"Boris, I don't want to hurt you, but with a missile it would only take a minute." Not the words of a Bond villain but of Vladimir Putin, on the telephone to Boris Johnson, on the eve of the invasion of Ukraine. It was one of many insider moments revealed in Putin vs the West (BBC Two), billed as the story of how Putin wrongfooted the West in the decade leading up to the war.
Award-winning film-maker Norma Percy specialises in heavyweight political documentaries featuring the people who were in the room when the big decisions were made, from world leaders to special advisers. Unsurprisingly, Volodymyr Zelensky appeared but Putin did not. On the British side of things, David Cameron, Theresa May and Johnson all appeared. The series serves as a reminder that Johnson can be a serious politician when not mugging for the cameras or deploying his schoolboy Latin, although he was the only talking head here to address the camera with, at one point, his hand stuffed into his trouser pocket.
News reports of the events covered here - a G20 summit, bilateral meetings, telephone conversations - gave us only brief, official lines. The documentary provided behind-the-scenes colour from those present, and it was fascinating. We got a real sense of the personalities involved. A British foreign policy adviser read out his note of what Putin had told Cameron in Downing Street: "I know you're a great country with a great history. You all think I'm not democratic like you. I won't argue with you - I'm an ex-KGB man, I'm wicked and scary with claws and teeth, and you're all so well-bred and so well-educated. But you remember Abu Ghraib, David? Did you see those pictures? It was medieval, what happened there."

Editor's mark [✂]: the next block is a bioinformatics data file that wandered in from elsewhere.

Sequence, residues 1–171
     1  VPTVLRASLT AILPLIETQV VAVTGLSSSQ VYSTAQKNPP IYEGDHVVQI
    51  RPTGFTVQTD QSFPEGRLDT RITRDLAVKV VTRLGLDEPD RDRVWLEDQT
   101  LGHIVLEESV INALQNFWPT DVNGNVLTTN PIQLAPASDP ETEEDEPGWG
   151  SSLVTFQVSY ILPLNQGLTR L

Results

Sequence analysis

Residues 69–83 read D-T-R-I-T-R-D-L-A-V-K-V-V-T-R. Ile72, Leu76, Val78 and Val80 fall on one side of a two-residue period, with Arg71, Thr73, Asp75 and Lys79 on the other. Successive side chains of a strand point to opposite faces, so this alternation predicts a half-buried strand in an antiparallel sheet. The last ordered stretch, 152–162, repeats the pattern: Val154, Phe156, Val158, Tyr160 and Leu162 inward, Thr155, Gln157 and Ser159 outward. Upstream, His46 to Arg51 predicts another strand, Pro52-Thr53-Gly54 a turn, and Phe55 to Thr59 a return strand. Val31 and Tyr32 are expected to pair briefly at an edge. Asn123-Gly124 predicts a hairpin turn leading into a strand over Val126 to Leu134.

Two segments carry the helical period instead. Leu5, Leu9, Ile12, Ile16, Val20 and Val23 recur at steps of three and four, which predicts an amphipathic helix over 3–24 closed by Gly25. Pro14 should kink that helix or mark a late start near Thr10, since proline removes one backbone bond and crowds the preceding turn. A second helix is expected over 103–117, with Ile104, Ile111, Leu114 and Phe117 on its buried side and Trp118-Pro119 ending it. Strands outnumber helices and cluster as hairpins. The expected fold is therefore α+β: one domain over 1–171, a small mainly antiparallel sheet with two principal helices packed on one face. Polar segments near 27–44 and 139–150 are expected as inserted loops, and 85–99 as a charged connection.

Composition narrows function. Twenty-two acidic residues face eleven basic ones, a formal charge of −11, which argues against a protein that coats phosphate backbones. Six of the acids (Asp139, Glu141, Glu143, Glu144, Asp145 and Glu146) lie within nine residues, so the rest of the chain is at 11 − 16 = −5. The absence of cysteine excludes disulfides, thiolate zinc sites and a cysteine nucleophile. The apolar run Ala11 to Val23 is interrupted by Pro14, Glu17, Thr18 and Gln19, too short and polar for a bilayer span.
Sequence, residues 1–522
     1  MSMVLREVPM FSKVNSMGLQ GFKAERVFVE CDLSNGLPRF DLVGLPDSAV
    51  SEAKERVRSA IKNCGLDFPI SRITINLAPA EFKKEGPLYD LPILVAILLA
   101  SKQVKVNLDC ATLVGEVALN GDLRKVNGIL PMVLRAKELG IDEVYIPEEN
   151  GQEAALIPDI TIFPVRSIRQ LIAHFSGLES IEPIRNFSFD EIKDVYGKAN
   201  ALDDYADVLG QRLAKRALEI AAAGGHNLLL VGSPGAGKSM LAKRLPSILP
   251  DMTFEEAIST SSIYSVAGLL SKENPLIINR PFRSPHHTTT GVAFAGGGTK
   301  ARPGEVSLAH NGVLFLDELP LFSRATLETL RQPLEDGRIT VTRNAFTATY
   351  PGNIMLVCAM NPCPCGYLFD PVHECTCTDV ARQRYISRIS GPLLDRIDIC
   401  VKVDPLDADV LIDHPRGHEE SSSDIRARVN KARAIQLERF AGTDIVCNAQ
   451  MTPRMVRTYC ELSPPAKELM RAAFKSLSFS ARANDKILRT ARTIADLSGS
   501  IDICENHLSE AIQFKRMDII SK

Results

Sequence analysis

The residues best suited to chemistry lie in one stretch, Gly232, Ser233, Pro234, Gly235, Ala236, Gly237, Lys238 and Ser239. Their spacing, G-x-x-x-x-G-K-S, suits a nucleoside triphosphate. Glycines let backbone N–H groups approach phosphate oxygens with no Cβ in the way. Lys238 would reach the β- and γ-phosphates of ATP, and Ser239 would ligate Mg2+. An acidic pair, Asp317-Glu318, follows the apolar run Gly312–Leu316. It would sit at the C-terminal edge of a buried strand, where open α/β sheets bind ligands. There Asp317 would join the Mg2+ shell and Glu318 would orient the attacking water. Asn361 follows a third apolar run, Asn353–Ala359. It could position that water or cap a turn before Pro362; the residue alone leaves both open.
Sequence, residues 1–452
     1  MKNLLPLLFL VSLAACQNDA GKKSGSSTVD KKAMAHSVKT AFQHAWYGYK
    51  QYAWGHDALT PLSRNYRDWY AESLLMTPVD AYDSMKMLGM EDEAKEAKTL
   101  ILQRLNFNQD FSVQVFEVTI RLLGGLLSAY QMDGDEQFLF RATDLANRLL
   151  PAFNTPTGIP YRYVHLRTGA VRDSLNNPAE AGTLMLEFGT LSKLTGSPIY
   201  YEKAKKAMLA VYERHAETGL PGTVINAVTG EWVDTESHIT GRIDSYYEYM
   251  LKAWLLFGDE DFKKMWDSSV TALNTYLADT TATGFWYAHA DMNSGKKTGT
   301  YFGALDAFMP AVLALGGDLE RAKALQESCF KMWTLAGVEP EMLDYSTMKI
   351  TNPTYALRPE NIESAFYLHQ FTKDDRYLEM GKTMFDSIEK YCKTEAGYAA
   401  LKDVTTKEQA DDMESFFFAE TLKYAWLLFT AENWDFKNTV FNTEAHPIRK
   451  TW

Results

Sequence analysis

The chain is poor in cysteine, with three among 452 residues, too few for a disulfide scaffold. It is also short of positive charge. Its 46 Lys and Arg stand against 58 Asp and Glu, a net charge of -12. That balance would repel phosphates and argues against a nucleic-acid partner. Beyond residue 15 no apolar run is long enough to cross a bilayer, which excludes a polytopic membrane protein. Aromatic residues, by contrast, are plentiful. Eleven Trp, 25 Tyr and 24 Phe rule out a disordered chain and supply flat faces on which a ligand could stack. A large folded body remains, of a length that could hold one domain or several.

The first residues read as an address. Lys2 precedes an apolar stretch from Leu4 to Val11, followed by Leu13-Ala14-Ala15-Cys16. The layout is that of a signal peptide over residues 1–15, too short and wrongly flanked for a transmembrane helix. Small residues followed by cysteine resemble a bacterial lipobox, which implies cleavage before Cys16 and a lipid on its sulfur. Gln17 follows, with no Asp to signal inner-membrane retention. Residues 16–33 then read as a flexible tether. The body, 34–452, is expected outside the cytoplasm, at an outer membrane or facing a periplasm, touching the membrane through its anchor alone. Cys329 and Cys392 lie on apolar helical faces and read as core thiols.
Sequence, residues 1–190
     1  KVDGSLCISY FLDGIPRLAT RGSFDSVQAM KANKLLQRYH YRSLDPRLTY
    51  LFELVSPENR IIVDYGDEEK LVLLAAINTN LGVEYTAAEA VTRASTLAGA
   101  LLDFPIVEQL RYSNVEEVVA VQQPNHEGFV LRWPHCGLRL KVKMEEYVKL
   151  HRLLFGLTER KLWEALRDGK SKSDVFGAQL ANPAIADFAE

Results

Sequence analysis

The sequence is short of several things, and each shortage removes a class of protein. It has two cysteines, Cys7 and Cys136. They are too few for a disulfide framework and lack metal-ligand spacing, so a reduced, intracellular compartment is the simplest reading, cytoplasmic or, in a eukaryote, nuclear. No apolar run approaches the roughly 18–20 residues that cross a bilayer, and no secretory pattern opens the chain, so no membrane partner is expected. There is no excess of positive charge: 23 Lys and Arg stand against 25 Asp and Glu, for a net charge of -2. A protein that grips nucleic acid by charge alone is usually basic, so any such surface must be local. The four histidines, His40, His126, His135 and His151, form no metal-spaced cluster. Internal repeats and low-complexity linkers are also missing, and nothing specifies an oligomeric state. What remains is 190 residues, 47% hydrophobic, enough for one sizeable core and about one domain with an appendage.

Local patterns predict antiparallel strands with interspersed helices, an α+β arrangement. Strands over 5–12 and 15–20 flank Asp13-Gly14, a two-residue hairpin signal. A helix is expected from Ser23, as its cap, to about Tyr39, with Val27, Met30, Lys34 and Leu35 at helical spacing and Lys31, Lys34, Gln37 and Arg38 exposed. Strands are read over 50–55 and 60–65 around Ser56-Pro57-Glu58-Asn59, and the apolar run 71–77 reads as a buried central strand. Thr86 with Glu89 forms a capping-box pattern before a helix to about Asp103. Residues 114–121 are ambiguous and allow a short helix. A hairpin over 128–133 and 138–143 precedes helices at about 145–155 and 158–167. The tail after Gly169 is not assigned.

It was a speech that provided more insight into Putin's view of the West than any amount of commentary from political correspondents on the nightly news bulletins.
What makes Percy's documentaries so compelling is the mix of small details and large truths. The latter: the reluctance of some nations to back sanctions against Russia. Johnson spoke of the "magnetic pull of Putin and Russian influence, even within the EU". The former: Putin gazing admiringly at a portrait of Margaret Thatcher and murmuring: "Ah, truly she was an Iron Lady." And a French diplomat describing the sensation of staring into the "totally empty eyes" of a Putin portrait: "Suddenly you say, 'If I was in a cellar tied to a chair in front of him, I would really be terrified of this guy.'"
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This BBC documentary provides an eye-opening look into the mind of Russian leader Vladimir Putin and his relationship with the West. It is an unnerving insight that gives an understanding of Putin's motivations and reveals the complexity of his dealings with other countries. The production quality is top-notch and the interviews are carefully chosen to help deepen the audience's understanding. This documentary is a must-watch for anyone interested in the current political climate and the power dynamics that shape it.REPLY